> A study published in 2011 of Los Angeles physicians treating women with breast cancer credits tumor boards with the ability to improve coordination of care, enhance quality of care and potentially improve health outcomes by giving physicians actionable advice that alter plans of care. The survey showed 58 percent of physicians attended tumor board meetings weekly, and 25 percent monthly. The meetings deemed most helpful were when all participants’ cases were reviewed, with board recommendations serving the function of pretreatment planning, versus only considering unusual or controversial (teaching) cases.
Multidisciplinary clinics with tumor boards are resource-intensive and challenging for physician scheduling. For that reason, there are fewer of them, but the approach is much better for patients, says Timothy Pawlik, MD, associate professor of surgery and oncology at Johns Hopkins and a researcher on the 2008 pancreatic cancer tumor board study.
“It’s only one visit to the hospital, and the patient leaves with a consensus opinion of the entire multidisciplinary team, not the opinion of just one doctor,” Pawlik says.
The patient can be treated in their own community, with friends and family there to give assistance. They have access to new experimental and evolving treatments that are part of the UC Davis clinical trials portfolio.
Technology is extending academic medical center expertise to small city hospitals.
Sacramento, Calif.-based UC Davis Comprehensive Cancer Center began hosting virtual tumor boards to allow its Cancer Care Network oncologists in Pleasanton, Merced, Truckee and Marysville, Calif., to present cases in real-time.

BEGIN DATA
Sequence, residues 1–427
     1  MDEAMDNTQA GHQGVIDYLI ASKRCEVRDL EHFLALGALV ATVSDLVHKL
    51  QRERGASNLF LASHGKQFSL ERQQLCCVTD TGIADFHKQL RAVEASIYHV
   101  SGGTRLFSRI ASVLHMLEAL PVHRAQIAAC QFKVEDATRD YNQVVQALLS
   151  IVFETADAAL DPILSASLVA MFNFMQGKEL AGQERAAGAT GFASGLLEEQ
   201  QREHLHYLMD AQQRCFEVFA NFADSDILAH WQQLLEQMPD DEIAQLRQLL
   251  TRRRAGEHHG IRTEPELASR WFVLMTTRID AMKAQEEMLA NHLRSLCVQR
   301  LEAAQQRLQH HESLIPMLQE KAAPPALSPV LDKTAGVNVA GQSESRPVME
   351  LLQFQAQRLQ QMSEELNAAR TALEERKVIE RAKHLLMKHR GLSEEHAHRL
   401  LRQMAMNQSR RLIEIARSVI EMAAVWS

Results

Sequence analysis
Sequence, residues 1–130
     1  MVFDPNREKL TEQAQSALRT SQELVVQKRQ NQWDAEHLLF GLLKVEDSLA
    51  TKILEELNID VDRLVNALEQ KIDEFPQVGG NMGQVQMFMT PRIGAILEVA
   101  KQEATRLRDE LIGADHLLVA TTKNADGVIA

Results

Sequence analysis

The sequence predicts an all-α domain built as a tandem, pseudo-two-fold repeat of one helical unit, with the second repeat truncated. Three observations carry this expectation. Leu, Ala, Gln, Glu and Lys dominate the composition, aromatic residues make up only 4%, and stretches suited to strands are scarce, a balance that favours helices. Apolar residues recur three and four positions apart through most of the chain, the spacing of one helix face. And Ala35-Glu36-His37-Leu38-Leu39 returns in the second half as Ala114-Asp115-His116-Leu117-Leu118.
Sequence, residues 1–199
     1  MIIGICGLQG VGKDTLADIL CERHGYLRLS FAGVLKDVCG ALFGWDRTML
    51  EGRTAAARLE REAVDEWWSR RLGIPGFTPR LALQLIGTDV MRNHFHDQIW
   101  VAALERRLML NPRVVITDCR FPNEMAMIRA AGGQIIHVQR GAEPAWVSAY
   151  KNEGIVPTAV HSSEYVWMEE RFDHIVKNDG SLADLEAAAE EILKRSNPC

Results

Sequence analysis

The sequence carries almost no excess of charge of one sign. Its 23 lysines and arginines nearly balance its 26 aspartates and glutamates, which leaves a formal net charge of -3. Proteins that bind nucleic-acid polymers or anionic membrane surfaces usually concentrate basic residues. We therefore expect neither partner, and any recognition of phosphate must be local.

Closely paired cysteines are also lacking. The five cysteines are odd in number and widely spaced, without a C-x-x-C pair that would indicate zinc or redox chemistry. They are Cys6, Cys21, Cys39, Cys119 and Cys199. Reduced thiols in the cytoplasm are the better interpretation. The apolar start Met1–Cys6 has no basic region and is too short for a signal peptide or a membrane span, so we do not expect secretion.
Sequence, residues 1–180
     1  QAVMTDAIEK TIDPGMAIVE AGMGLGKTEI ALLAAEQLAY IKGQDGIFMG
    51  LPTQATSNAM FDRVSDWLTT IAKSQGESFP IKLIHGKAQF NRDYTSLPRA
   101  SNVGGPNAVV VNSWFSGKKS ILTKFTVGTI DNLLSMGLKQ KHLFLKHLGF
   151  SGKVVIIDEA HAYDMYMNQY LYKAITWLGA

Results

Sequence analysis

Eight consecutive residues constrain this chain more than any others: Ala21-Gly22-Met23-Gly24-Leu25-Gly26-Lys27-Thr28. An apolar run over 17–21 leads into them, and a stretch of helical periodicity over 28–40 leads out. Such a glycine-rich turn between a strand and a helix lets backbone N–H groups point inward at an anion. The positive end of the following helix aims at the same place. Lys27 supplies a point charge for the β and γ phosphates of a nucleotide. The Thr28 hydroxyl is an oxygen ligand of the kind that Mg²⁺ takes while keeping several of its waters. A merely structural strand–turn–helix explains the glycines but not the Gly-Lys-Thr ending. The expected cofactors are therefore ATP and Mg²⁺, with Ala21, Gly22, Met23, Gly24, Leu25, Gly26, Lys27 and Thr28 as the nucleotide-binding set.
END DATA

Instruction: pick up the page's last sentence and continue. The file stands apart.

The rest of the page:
Physicians post patient imaging scans and other data on the hosting software. All participants simultaneously see on-screen views as clearly as if in their own clinic, says Richard Bold, MD, professor and chief of surgical oncology.
The virtual setup extends best treatment recommendations to patients who can’t or won’t drive 250 miles to Sacramento for care, he explains. It gives local oncologists access to broader expertise and extends clinical trials into other regions.
“The patient can be treated in their own community, with friends and family there to give assistance,” Bold says. “They have access to new experimental and evolving treatments that are part of the UC Davis clinical trials portfolio.”
Williams considers his experience with a tumor board humbling.
“They said there’s absolutely no reason they couldn’t do the surgery and try to cure this thing,” Williams says. “That’s a long way from where I started.”
Although the procedure is considered standard for operable pancreatic tumors, only medical centers specializing in pancreatic cancer have the high-volume expertise to perform the surgery on patients such as Williams, says his surgeon, Christopher Lee Wolfgang, MD, PhD.
A long series of radiation and chemotherapy treatments also is required, but “Getting the tumor out was the biggest part,” Williams says. “I find it hard to use the word cure, but that’s what they think they can do.”
Boards within multidisciplinary clinics differ from stand-alone meetings because all specialists reviewing the case have also evaluated the patient, which expedites patient care that otherwise might take weeks of waiting to be seen by each of the many specialists required to treat cancer.
Stanford Cancer Institute in California has about a dozen multidisciplinary clinics and tumor boards for specific cancers, including cutaneous lymphoma and gastrointestinal cancers. The first was established 50 years ago as a lymphoma tumor board and a tumor clinic.
“Tumor boards aren’t new, but they’re still not used as much as they should be, especially in community settings,” says Richard Hoppe, MD, a radiation oncologist at the Stanford Cancer Institute.
Patient care in community medical oncology or radiation oncology groups commonly is supervised by an individual, without input from multiple disciplines or other specialists, he says.
“Ideally, if there were enough tumor boards, every cancer patient would be seen in that type of setting to get the opinion of all the disciplines,” Hoppe says. “But in general, the more complex the case, the more appropriate it is for a patient to be seen in a tumor board setting.”